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Love Through the Decades

Love Through the Decades

Joe has a special love for Shriners Hospitals for Children – Boston, a love that can be traced back to 1970 when he first came to the hospital as a patient, just two years after it opened. When he was twelve years old, he ignited a firecracker surrounded by his brother, sister, and other neighborhood friends and sustained extensive burns across his body. After receiving care at the Boston Shriners Hospital throughout his teenage years, Joe came back to the hospital as an employee in 1985 to share his love for the organization. Now a health unit coordinator on the acute care unit, Joe shares a few special memories of his many decades at Shriners Hospitals for Children – Boston as we celebrate our 50th anniversary year.
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Speaker 2:
I'm the unit coordinator at the Shriners hospital [inaudible 00:00:12] care unit and I've been here at the Shriners... working here for 32 years since 1985, at present. I was a former patient here back in 1970. I was coming here from 1970 to '78 and I was treated extremely well by everybody here on the staff. Doctors we have, nurses and everybody else. So I figured I needed to be part of it. I was 12, curious boy. Put a match to something that I probably shouldn't have. Didn't know how dangerous that was but it happened. But my brother and my sister, my friend came here. I wanted to get out of bed to see my sister. One of the nurses came to my room. They said "My sister died". My sister passed away with pretty badly burns. The next day I got up and said "I want to see my friend". I went out to see my friend and about a couple of weeks later, he passed away.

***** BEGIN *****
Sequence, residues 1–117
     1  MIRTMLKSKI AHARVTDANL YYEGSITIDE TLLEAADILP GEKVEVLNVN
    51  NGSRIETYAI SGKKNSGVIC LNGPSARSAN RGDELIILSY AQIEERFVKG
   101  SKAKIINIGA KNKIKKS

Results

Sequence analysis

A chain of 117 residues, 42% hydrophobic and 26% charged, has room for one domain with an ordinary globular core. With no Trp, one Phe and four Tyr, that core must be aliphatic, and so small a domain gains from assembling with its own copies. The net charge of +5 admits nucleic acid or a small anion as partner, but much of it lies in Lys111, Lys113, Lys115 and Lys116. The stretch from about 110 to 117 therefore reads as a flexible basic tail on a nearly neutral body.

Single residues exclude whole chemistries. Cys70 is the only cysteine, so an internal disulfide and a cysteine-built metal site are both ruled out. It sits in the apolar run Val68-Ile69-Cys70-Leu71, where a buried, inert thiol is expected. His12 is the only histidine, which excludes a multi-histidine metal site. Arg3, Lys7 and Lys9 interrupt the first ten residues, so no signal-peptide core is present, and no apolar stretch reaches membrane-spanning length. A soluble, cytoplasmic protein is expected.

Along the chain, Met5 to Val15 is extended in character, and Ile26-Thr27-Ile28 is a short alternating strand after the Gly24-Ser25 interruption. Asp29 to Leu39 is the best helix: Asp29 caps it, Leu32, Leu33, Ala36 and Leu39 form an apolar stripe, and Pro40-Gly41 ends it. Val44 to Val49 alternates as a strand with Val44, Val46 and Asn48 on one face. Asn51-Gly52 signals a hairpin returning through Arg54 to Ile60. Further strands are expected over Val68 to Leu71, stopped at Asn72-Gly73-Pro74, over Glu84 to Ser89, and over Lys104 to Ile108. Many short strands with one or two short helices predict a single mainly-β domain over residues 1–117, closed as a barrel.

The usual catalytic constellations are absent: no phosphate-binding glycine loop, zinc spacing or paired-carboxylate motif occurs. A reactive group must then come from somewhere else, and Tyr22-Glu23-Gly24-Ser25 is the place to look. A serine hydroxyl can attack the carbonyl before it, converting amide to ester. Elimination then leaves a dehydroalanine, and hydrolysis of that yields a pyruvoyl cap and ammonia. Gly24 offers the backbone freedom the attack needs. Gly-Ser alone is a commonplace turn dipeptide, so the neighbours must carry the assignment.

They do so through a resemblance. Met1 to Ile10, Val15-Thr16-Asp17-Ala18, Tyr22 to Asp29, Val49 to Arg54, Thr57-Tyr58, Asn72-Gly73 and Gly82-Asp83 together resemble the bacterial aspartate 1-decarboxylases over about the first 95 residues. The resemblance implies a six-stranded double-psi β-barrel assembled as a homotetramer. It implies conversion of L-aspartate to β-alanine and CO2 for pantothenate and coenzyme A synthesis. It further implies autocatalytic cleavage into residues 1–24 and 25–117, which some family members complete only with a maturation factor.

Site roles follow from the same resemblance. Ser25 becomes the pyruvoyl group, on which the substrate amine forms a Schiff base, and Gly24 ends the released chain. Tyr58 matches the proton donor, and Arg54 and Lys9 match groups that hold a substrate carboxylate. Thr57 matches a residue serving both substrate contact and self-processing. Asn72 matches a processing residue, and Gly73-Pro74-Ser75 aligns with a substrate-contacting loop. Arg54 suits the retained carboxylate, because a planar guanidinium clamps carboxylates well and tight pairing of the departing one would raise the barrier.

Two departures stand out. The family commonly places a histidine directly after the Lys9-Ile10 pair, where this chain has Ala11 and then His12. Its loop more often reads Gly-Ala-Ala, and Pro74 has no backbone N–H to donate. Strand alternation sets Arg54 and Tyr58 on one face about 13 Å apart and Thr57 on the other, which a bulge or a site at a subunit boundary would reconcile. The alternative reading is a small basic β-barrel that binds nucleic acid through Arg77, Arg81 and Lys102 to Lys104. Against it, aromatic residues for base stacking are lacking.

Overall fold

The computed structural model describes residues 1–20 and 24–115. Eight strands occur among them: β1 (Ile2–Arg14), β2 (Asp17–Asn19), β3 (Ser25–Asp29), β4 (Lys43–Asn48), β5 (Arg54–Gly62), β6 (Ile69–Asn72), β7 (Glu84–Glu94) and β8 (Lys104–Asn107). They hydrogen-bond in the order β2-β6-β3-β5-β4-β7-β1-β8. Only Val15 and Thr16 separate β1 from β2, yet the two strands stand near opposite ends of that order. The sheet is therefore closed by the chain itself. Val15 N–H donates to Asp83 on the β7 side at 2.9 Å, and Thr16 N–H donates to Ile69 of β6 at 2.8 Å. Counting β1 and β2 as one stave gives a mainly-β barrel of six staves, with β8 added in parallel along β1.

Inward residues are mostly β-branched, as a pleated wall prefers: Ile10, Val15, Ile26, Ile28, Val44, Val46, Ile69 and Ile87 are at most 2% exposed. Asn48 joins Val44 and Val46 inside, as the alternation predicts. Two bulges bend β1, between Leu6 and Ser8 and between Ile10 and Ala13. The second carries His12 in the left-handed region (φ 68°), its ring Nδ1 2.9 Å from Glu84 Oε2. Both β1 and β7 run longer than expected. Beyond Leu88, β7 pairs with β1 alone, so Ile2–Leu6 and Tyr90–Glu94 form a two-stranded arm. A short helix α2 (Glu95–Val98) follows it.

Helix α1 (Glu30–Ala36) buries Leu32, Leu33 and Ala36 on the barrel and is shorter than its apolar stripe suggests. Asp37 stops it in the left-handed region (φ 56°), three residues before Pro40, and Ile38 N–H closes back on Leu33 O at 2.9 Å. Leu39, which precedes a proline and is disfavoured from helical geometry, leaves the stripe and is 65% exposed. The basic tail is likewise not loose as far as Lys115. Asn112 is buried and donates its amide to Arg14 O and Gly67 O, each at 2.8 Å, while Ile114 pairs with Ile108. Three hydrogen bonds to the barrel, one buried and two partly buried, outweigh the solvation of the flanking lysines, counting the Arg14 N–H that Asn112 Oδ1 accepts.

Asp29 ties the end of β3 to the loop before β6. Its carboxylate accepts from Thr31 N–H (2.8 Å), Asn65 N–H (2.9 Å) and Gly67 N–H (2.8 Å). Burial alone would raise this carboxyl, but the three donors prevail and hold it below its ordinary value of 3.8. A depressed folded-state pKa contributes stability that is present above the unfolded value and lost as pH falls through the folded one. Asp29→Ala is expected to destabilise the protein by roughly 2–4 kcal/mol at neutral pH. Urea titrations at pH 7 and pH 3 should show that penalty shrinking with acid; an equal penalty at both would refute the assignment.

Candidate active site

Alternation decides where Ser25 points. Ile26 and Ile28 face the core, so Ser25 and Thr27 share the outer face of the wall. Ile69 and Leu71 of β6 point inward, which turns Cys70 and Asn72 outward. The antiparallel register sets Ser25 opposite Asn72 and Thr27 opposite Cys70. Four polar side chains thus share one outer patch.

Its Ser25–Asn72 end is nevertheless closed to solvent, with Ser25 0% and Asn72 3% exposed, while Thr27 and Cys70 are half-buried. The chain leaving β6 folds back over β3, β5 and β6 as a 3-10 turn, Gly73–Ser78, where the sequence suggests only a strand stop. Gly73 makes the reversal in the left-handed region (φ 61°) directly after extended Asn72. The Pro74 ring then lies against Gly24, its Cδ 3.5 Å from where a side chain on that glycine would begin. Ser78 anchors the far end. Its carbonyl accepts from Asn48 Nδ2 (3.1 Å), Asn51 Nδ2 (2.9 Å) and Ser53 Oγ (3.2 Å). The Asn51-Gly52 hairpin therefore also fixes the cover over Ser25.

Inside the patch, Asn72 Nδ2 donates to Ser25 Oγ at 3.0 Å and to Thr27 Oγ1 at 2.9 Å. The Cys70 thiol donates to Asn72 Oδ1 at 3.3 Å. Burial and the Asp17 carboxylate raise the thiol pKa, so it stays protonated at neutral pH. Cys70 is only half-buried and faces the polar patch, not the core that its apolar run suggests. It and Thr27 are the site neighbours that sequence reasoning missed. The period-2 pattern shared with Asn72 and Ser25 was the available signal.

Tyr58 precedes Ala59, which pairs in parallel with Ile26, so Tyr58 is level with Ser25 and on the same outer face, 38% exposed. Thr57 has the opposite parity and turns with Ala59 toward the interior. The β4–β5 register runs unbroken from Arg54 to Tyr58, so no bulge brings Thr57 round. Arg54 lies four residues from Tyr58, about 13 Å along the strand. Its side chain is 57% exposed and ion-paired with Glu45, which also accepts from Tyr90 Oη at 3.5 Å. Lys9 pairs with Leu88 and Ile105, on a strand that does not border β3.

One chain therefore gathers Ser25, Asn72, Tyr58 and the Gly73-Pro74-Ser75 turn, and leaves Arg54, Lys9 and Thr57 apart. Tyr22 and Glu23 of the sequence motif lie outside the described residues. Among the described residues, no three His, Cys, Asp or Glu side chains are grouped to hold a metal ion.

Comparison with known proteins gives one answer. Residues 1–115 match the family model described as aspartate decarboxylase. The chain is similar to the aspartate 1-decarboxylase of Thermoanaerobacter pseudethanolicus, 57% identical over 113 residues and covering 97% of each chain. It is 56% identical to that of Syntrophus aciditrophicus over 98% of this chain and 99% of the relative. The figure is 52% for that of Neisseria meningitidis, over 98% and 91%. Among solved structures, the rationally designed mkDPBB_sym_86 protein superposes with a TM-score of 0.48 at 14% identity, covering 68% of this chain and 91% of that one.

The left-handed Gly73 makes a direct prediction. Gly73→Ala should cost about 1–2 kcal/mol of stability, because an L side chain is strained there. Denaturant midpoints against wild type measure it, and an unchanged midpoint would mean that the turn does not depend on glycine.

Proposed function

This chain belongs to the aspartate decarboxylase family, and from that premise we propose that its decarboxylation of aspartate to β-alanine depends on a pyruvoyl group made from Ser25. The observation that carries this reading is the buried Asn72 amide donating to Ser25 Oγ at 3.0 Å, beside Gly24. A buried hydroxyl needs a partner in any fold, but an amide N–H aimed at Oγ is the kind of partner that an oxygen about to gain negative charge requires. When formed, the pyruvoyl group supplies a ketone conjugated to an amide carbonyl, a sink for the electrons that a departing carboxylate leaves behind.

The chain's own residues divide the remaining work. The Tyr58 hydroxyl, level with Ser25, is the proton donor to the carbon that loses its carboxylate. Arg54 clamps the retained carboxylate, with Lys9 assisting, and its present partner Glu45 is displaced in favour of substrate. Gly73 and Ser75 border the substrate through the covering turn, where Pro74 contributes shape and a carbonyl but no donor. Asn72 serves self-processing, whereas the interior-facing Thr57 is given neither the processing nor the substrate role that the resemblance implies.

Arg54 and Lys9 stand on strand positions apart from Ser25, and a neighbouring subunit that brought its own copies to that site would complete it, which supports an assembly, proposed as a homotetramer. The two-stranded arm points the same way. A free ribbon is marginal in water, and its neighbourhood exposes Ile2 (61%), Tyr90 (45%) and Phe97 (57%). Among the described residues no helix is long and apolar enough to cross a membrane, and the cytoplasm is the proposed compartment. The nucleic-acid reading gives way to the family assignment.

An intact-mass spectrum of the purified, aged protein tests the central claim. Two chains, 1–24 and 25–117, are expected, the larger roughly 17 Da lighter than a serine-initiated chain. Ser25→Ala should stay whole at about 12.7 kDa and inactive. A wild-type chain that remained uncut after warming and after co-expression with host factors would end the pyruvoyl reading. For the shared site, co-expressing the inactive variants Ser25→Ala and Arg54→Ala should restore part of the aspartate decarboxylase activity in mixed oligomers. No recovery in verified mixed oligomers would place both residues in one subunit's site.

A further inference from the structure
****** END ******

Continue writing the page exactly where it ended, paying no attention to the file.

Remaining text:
Speaker 2:
So I went through a lot through all this but the will of God and my strength, kind of kept me going. When I was coming here from a Chester, Pennsylvania hospital, I was coming up here and I had this nun praying over me and stuff like that. We landed and we came to the admission room and I said ...I was hungry. I was starving. I went in there...it was light in there. And one of the nurses said " Joe, we're going on take your bandages off and the photographers... can take picture pictures of you". Then I said " I have one request". She looks at me and she said " What?". I said " I'm hungry. Can you make me a sandwich"?

Speaker 2:
So bought me a little sandwich, ham and cheese sandwich, as I remembered that. She looked at me and said " Joe, you'll be all right". We had a teen room, only teenagers were allowed in there. To get away from all little kids but they had their one area and we had our other area. Me and my brothers were listening to 45s. We love 45s. We just ... They wanted to take a picture of us, on the 45s. I remember playing basketball in the old building and it was me and [inaudible 00:02:34].

Speaker 2:
And all of a sudden, this guy comes up and he was in a suit and tie on, stuff like that. You could see they had a court outside, just the one court and there was a cafeteria, right there. So he looks out the window, comes out the door and it looks ... Hey, can I play basketball with you guys? Turned out to be one of the board of governors. So that was great. It was Mr. Spencer. Fred Spencer, lovely man, lovely man. Every time I see him, we greet each other. We do this basketball thing together. This is a beautiful hospital. I would do anything for this place. The caring throughout the hospital, it's the best. I don't know where I would've been. I can tell you that hundreds of patients feel probably the same way I do.